Eelco Harteveld: a bit of affective polarization is necessary and the ‘oxygen’ of democracy

Why women are less likely to support far right parties? How does elite polarization influence voters behaviour? And why are we so hostile to each other, while our views are quite similar and moderate? We spoke about it with Eelco Harteveld, Assistant Professor at the Department of Political Science of the University of Amsterdam.

How does voting behaviour differ between women and men in the modern world? Is the difference getting smaller?

In most countries women are somewhat more likely to vote for left-wing parties compared to men. This wasn’t always the case: decades ago, when female suffrage was introduced in many European countries, women were more likely to vote for conservative parties, which is generally attributed to stronger religiosity. However, since around the 70s this started to reverse, leading to the pattern we see today. I have not seen evidence that this difference is getting smaller.

Women are less likely to support far right parties. Why?

The general left-wing orientation makes women less likely to vote for parties on the right, whether they are mainstream right or far right. However, the ‘gender gap’ on the far right is larger than for other right-wing parties, which means there must be more to it. There are probably multiple reasons. The first is that the far right reaches voters with a profile that applies (somewhat) less often to women: lower educated voters with insecure occupations. Second, far right parties tend to be very controversial, or even stigmatized. There is evidence that this controversial image deters women more than men. Third, it does not seem to matter which stance far right parties take on gender issues (which is not central to their voters, male or female) for their ‘gender gap’.

far right parties appeal to voters who experience relative status decline. This can apply to many men who see that women are catching up in society on all fronts.

Still, in a more general sense far right parties appeal to voters who experience relative status decline: people whose position in the world suddenly seems to be valued less. This can apply to many men who see that women are catching up in society on all fronts.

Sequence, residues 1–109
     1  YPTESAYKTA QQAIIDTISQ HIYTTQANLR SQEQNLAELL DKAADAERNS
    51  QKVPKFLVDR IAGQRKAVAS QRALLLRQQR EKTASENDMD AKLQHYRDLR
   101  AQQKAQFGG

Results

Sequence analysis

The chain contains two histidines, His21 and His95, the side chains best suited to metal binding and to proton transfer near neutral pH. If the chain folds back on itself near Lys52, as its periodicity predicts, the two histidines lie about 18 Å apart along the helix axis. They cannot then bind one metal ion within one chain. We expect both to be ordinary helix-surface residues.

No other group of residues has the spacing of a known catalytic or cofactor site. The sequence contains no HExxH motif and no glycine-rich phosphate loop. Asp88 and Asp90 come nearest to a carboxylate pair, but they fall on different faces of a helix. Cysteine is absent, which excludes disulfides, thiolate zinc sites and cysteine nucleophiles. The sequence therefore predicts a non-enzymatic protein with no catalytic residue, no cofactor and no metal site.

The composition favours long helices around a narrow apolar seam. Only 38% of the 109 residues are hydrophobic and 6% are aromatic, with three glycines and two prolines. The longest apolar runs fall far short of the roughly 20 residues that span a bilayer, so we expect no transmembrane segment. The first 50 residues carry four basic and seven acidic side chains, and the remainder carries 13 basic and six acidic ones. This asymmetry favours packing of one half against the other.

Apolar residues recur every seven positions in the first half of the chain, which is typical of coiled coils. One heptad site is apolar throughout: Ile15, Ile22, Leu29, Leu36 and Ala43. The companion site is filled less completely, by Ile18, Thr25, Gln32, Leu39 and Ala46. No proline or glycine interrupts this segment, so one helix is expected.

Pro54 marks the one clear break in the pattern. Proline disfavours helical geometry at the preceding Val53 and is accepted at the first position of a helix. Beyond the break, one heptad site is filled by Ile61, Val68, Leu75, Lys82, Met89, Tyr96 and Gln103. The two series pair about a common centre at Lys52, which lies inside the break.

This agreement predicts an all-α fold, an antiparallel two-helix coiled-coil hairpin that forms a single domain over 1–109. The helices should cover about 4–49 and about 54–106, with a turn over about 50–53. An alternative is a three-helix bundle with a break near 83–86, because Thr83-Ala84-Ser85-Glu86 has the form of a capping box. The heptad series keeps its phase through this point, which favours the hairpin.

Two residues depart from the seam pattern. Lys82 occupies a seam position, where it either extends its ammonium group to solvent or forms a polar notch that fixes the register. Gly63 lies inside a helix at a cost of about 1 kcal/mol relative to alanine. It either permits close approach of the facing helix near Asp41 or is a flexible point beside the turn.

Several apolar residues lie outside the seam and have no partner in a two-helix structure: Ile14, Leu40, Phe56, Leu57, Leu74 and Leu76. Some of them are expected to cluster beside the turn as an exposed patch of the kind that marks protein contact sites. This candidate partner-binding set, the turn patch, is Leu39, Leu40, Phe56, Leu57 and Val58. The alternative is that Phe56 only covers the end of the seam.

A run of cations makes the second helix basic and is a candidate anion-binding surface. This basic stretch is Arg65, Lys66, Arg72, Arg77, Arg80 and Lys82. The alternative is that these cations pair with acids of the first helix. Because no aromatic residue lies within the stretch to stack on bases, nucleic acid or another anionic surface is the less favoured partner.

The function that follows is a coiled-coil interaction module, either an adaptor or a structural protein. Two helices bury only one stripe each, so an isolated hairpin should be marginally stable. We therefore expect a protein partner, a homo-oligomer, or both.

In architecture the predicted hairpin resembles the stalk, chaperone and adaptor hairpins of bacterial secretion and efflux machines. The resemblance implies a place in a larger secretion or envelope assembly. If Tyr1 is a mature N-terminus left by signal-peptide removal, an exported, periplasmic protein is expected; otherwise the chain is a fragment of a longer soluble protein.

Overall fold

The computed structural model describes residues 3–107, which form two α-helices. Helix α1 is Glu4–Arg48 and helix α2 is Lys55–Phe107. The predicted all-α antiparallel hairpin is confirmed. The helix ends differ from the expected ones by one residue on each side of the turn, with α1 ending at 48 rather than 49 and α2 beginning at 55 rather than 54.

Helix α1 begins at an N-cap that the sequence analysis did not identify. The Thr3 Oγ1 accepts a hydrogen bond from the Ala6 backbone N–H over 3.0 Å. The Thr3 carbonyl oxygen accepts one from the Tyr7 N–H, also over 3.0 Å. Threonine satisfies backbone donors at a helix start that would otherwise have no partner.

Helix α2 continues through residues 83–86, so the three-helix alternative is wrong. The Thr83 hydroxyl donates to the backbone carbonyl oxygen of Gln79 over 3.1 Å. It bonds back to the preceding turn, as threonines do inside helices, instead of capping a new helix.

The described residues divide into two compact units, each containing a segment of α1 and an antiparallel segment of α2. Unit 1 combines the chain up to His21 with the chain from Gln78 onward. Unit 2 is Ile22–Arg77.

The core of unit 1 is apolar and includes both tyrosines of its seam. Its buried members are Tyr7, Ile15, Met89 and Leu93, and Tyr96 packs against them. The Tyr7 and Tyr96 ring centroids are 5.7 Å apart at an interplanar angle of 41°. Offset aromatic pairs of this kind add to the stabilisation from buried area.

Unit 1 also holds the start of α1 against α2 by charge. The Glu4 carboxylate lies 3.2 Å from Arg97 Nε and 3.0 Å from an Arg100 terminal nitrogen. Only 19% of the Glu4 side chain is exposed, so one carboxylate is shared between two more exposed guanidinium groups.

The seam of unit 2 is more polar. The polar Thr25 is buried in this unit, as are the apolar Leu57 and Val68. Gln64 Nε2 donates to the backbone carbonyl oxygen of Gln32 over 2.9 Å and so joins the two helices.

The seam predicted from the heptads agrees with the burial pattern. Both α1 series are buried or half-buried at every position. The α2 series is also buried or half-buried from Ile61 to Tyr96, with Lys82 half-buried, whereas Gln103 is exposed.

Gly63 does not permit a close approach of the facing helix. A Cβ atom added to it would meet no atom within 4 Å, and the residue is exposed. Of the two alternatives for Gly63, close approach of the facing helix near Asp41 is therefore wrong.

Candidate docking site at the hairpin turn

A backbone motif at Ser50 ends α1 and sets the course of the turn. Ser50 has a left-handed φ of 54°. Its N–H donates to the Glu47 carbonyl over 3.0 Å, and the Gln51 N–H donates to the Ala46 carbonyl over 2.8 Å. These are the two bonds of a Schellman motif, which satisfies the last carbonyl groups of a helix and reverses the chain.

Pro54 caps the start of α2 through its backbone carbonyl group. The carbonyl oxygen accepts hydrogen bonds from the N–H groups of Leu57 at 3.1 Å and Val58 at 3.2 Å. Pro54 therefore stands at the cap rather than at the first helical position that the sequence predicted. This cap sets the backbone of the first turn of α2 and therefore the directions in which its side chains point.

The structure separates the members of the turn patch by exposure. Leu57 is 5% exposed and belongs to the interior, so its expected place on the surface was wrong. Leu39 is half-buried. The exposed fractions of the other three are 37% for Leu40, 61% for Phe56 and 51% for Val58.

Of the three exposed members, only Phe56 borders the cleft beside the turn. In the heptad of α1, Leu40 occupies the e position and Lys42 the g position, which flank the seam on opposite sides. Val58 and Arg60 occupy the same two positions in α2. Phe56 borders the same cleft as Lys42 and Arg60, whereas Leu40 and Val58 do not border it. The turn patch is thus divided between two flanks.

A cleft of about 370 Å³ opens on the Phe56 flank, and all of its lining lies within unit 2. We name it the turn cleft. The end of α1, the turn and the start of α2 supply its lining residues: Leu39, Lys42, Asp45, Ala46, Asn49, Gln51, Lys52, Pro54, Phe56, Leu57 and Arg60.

Do the far-right parties try to decrease the gender gap and attract more female voters?

We have little insight in what the parties try to do to decrease the gender gap, but the gap appears to be shrinking somewhat (although the pattern isn’t clear-cut). It could be that the gap shrinks because of things that the party does to increase its appeal in general; that is also likely to involve more female voters. The most important thing is probably for parties to get a more “normal” and de-stigmatized image. Marine le Pen calls this de-demonization. As parties de-stigmatize, they can grow larger, which also sends a cue of acceptability, etcetera. Indeed it seems that parties that are less controversial have smaller gender gaps. Of course, the image parties have is partly beyond their own control, but they can sever links to more militant extreme right groups, which some parties do more than others (like AfD).

The most important thing is probably for parties to get a more “normal” and de-stigmatized image. Marine le Pen calls this de-demonization.

How does elite polarization influence voters behaviour?